NO.58 FALL 2001

The Library Associates

Join more than 6,000 other friends, book lovers, alumni, and faculty who recognize that the influence of a great research library reaches beyond the university it serves to the many communities of which it is a part.

Library Associates receive complimentary copies of the quarterly newsletter Bene Legere, as well as invitations to special occasions at the Library. For more information on the Library Associates program, please write or telephone: The Library Development Office, Room 188 Doe Library, University of California, Berkeley, CA 94720-6000; telephone (510) 642-9377. Or, check our website.


Annual Report of the Library 2000-2001

Picture of the Doe Library

Dear Library Friends,
The 2000-2001 Annual Report marks the completion of my first year as University Librarian.

Though I have been a Cal faculty member since 1976, I am trying out the role of student again. The last time I took classes, libraries did not manage computer networks, instill information literacy, or stay open round the clock during finals. Librarians have learned how to orchestrate all of this, while preserving the treasures of our collection.

I suppose there may be challenges in Cal's teaching and research missions that confound librarians, but so far on the job, I have found none.

This Annual Report is not intended simply to be a summary of achievements. To me, it is more a conversation between the Library and its friends. Each of the scores of collections on campus is a special environment for learning. Students, faculty, independent scholars, and general readers come to us with different habits of mind. Our marvelous collections allow one person to find research breakthroughs in the Public Health Library, another to pass an hour with a mystery thriller in the Morrison Room, another to trace the voyages of Vikings in the Gardner Stacks. Our business is to satisfy the curious, and I am always happy to hear directly from patrons about how we are doing.

Picture of Thomas Leonard

Most impressive to me during my first year has been the significant breadth and generosity of the Library's support from students, alumni, and friends, as well as corporations and businesses. More than 5,000 donors each year contribute to Library programs. Wonderful examples of alumni (and soon to be alumni) giving include the last four graduating classes (1998, 1999, 2000, & 2001) that chose the Library for their senior class gifts, as well as recent alumni reunion class gifts from the Classes of 1949, 1950, 1951, 1952, 1954, 1955, 1956, 1960, 1961, and the War Years. The Class of 1961 is especially notable, since 40 years ago, its senior class gift in June, 1961 was directed to the Morrison Room's Graphics Art Loan Collection.

I would like to bring your attention to a sampling of other special Library contributors and programs that merit acknowledgement:

  • At a time of new concerns about the proper care of books and other paper media, Lisbet Rausing '84 (through the Fanny & Leo Koerner Charitable Trust) has established an endowment for The Library's Conservation Department. Named for her father, the Hans Rausing Conservatorship will begin with $3 million and serve preservation needs of collections across campus.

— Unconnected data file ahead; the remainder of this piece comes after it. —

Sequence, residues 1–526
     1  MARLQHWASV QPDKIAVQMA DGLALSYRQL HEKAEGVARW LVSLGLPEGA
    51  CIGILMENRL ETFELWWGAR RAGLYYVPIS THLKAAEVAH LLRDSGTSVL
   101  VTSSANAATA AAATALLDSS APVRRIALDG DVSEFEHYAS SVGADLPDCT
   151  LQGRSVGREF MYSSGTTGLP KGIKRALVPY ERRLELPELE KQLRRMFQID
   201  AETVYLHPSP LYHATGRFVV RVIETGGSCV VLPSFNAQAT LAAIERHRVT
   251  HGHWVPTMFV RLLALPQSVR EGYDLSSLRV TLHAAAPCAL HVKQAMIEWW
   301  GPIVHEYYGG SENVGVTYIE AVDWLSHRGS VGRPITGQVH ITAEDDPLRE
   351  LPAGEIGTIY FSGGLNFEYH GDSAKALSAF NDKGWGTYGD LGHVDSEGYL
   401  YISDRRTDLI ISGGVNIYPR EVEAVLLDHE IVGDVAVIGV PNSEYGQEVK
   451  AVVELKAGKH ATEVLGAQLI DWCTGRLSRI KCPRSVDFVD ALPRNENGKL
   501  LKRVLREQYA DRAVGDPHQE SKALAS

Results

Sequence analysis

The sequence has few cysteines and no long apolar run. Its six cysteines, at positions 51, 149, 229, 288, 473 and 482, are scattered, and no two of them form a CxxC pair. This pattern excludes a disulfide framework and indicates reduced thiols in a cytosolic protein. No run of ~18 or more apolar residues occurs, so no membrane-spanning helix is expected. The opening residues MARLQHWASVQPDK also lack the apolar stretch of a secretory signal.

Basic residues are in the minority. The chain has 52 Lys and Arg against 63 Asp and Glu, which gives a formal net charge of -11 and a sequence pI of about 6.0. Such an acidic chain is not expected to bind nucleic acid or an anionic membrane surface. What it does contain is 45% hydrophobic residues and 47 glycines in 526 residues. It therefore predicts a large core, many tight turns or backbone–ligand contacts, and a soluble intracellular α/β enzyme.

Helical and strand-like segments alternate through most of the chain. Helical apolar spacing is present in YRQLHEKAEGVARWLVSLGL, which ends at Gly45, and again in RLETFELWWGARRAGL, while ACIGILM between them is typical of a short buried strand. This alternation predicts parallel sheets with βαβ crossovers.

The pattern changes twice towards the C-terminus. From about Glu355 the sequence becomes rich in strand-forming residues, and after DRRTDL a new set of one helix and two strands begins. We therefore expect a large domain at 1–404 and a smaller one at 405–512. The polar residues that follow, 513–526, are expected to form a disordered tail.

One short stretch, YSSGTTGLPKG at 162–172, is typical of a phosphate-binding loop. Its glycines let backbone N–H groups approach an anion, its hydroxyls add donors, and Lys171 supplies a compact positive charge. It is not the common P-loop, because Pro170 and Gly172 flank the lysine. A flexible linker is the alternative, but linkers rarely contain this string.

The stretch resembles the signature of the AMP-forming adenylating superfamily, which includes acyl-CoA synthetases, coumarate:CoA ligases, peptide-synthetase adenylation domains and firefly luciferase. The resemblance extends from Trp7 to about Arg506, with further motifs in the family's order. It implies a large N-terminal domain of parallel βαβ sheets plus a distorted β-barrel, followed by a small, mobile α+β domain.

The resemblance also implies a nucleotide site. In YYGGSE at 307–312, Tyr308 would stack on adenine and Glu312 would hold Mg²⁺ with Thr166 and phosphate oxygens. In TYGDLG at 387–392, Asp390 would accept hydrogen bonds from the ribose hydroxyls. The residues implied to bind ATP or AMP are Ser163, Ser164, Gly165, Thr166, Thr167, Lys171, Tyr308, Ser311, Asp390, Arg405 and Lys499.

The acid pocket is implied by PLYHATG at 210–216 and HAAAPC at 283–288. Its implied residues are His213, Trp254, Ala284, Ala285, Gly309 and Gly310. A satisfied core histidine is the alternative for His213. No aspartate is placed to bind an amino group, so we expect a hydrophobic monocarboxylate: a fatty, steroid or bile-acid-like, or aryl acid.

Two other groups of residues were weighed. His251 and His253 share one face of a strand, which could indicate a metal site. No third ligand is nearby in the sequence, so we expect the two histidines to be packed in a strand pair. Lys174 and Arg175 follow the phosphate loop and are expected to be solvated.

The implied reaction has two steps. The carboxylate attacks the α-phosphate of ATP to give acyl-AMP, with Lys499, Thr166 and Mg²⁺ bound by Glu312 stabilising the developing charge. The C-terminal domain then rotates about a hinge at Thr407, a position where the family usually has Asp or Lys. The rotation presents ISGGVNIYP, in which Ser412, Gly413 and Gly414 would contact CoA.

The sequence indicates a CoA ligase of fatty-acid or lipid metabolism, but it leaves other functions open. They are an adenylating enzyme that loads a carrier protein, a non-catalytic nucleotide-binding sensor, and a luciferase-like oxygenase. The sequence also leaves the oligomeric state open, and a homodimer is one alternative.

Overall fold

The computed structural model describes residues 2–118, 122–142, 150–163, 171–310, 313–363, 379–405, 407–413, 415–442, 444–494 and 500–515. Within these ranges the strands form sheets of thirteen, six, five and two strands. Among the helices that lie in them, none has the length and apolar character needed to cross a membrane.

• Kenneth E. Hill '38, MS '40, and his wife, Dorothy were guests of UC President Richard Atkinson at Blake House, where Ken presented Dimity I. Mendeleyev's Principles of Chemistry (1868-71) to our University Library, the first publication of the periodic table of elements (and the 500 thousandth volume for the Bancroft Library and the 30 millionth volume in the UC libraries).
  • 115 parents of graduating students (from B.A./B.S.'s through Ph.D.'s) made gifts to buy new books for the University Library in honor of their graduates in 2001--a tradition that continues each spring.
  • Kimo Campbell, Council member of the Friends of the Bancroft Library, helped to find and then acquire two very valuable original Mark Twain manuscript letters for the Mark Twain Papers.
  • The Library was an important part of the success of the University's recent capital campaign, as we exceeded our $25 million goal for acquisitions endowments. Thanks to the generosity of Jean Gray Hargrove '35, as well as many other donors, ground will be broken this school year on the new Jean Gray Hargrove Music Library.
  • Wells Fargo Bank provided a grant of $100,000 to the Bancroft Library for the preparation and distribution of a set of audio tape lectures on California history, distributed to all libraries in the State, including high schools.
  • Genentech Corporation contributed $500,000 to support a series of oral histories of the biotechnology industry in California through the Bancroft Library's Program in the History of the Biological Sciences & Biotechnology.
  • Fund raising continues for the new East Asian Library and Studies Center that will be named in honor of former Chancellor Chang-Lin Tien, and provide a permanent home for the country's preeminent collections for East Asian studies.

My thanks go to Chancellor Robert Berdahl for his support and to the full range of staff who have worked so hard. More than 700 students are employed in The Library, many in direct contact with the public. Any time you visit our service desks, you will have the agreeable impression that helping the library and staying young are one in the same. In the coming year I hope this is true for all of us, especially the generous friends of the Cal Library.

With best wishes,

Thomas C. Leonard
Professor & Kenneth and Dorothy Hill University Librarian

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Originally published Fall 2001. Server manager: contact